F3000 Italia 1999 - season review
The F3000 Italia series was a great success in its first year. Initially it was intended to have a British and Italian series which would allow a system of promotion and relegation to International F3000. The UK3000 series almost got off the ground, but was cancelled due to support changing to the oversubscribed International F3000. As a result Italian F3000 had strong fields by the end of the year and support from established teams along with graduating British and Italian teams. The winning team would be granted the final entry for International F3000 in 2000; this turned out to be the ex-Formula Renault team Martello. The title boiled down to a straight fight between the Italian Giorgio Vinella (above) and the South African Werner Lupberger.
Over the course of the year many established F3000 drivers drove in the series; Marco Apicella (also a former F1 driver - briefly!), Marcelo Battistuzzi, Dino Morelli, Werner Lupberger and the eventual champion Giorgio Vinella amongst them. Their experience showed; of the top seven drivers sharing the top five positions at the end of the year only Gabriele Lancieri was an F3000 rookie.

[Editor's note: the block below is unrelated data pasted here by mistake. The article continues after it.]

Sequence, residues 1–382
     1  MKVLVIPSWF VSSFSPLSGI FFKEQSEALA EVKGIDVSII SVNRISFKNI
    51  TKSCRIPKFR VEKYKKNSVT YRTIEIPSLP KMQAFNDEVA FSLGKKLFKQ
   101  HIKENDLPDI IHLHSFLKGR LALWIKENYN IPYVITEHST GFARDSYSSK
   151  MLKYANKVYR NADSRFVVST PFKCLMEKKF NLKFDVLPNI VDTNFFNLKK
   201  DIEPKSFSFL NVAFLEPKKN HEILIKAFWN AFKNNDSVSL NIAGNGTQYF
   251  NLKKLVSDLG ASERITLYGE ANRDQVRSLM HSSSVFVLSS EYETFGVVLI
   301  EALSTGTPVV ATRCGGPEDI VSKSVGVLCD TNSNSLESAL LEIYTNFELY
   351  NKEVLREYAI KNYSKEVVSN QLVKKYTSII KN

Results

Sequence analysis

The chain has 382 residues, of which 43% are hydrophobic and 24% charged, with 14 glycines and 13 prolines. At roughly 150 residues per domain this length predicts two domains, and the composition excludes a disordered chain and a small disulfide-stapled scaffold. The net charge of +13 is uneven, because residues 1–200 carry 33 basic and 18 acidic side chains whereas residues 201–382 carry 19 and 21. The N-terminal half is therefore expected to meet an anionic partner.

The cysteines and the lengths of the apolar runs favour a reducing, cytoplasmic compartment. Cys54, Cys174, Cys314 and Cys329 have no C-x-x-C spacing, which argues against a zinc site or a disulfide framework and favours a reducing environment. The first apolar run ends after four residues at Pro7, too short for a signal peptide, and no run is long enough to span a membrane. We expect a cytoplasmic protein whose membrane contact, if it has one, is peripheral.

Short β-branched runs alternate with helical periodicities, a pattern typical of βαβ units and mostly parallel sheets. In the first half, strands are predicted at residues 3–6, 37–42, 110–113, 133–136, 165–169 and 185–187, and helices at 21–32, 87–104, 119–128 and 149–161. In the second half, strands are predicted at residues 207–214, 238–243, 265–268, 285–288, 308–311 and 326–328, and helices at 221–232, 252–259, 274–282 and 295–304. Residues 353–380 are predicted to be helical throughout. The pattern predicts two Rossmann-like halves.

Other younger drivers showed much promise too; the likes of Alex Yoong and Ananda Mikola shone despite their inexperience. Indeed Mikola won at Enna only to be later disqualified for a technical infringement. Apicella, who was an F3000 regular in the late 80s and early 90s, won two races, but was inconsistent in races. Battistuzzi won on his debut at Monza, but wasn't helped by switching between Redgrave Racing and Coloni while at the same time driving for a host of teams in International F3000. At least he got the chance to win again after struggling in F3000 since winning the Formula Opel title in 1997. Dino Morelli had the chance to return to form for the first time since his horrific Nurburgring accident in 1997, winning in his second race at the Imola finale.
Like the International series, F3000 Italia suffered tragedy away from the track when point-scorer Riccardo Moscatelli died in training on his mountain bike. A moment's silence was held for him before the fifth round. Although grids started with just 14 cars (only 12 racing at Monza), by the end of the year they had expanded to 20 cars.